Litwin, No. CV-16-03766-PHX-DLR, 2017 WL 2462484, at *1
(D. Ariz. June 7, 2017). When the claims against various
defendants are separate and distinct, “the test of
jurisdiction is the amount of each separate claim and not the
aggregate amount of the claims.” Lohden v. State
Farm Mut. Auto. Ins. Co., No. 1:16-CV-00138-GNS, 2017 WL
990465, at *1 (W.D. Ky. Mar. 14, 2017) (quoting
Fechheimer Bros. Co. v. Barnwasser, 146 F.2d 974,
977 (6th Cir. 1945)). See also Siding & Insulation
Co. v. Acuity Mut. Ins. Co., 754 F.3d 367, 373 (6th Cir.
2014) (reaffirming Fechheimer as stating the
“settled general rule.”).
In the present case, there is no legal or logical connection
between Whitworth's actions and those of Carlson and
Parker. Whitworth's alleged interference with
plaintiff's rights to the dogs ended the moment Carlson
retrieved them from KCAS, and Carlson's/Parker's
subsequent interference with plaintiff's rights to the
dogs had nothing to do with what Whitworth had done
previously. Nor is there any conceivable connection between
Whitworth and the defamation allegedly committed by Carlson
and Parker. In short, the claims against Whitworth are
separate and distinct from those against Carlson and Parker,
and there would be no basis for holding Whitworth liable for
the actions of the other defendants. Therefore, it would be
entirely inappropriate for the Court to exercise jurisdiction
over plaintiff's claims against Whitworth on the grounds
that the value of plaintiff's claims against Carlson and
Parker is jurisdictionally sufficient.
Barringer v. Whitworth, Civil Action No. 18-cv-11174
(E.D. Mich. May 31, 2018) (Op. and Order Granting Def.
Whitworth's Mot. to Dismiss, pp. 2-4).
motion now before the Court, Whitworth argues that plaintiff
should not have named her in this “vindictive and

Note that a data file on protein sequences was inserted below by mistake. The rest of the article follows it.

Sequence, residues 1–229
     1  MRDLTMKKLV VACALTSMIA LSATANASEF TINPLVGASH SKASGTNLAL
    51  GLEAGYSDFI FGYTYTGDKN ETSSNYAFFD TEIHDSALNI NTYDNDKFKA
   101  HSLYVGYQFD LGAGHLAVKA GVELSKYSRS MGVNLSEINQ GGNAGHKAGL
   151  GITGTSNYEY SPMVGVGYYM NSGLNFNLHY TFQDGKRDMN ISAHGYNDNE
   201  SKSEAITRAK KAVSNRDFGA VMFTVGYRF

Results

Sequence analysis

frivolous lawsuit” and that he and his attorney should
be required to reimburse her for the attorney fees and costs
she has incurred in defending it. Def.'s Mot. At 2. She
states that she “has incurred a colossal amount of
legal fees and costs for having to defend this matter and
justice demands that Plaintiff and his counsel should be
ordered to pay [her] attorney fees and costs.”
Def.'s Br. at 8. She seeks $19, 950 in attorney fees,
$986.19 in costs, plus whatever attorney fees and costs she
incurs in connection with this motion. See Bruch
Aff. at 11; Def.'s Reply at 7.
Fed.R.Civ.P. 54(d)(1), costs are awardable as a matter of
course to a prevailing party. However, the procedure a
prevailing party must follow is to seek costs by presenting a
bill of costs to the Clerk of Court. See E.D. Mich.
LR 54.1. If the party seeking costs is unsatisfied with the
costs awarded by the Clerk, that party may file a motion with
the Court to “review the clerk's action.”
Fed.R.Civ.P. 54(d). See also 10 C. Wright & A.
Miller, Federal Practice and Procedure § 2679,
pp. 493-95 (2014) (“After costs have been fixed by the
clerk, a motion may be made for the judicial review of the
clerk's action. . . . [N]othing normally can come before
the court until the clerk has acted and an objection has been
made.”). Therefore, defendant's motion is denied
without prejudice to the extent she seeks
argues she is entitled to attorney fees under Fed.R.Civ.P.
11, 28 U.S.C. § 1927, and/or the Court's inherent
authority because, in short, “[p]laintiff's
inclusion of [her] in this case despite the fact that she did
not have the dogs and that there were no damages to support
the amount in controversy, constitutes ‘aggressive
tactics that far exceed zealous advocacy.'”
Def.'s Br. at 8. While the Court is not unsympathetic to
defendant's argument, the Court must decline to impose
sanctions against plaintiff or his attorney for naming her in
Rule 11 sanctions are unavailable due to defendant's
failure to comply with that rule's 21-day “safe
harbor” provision. See Ridder v. City ...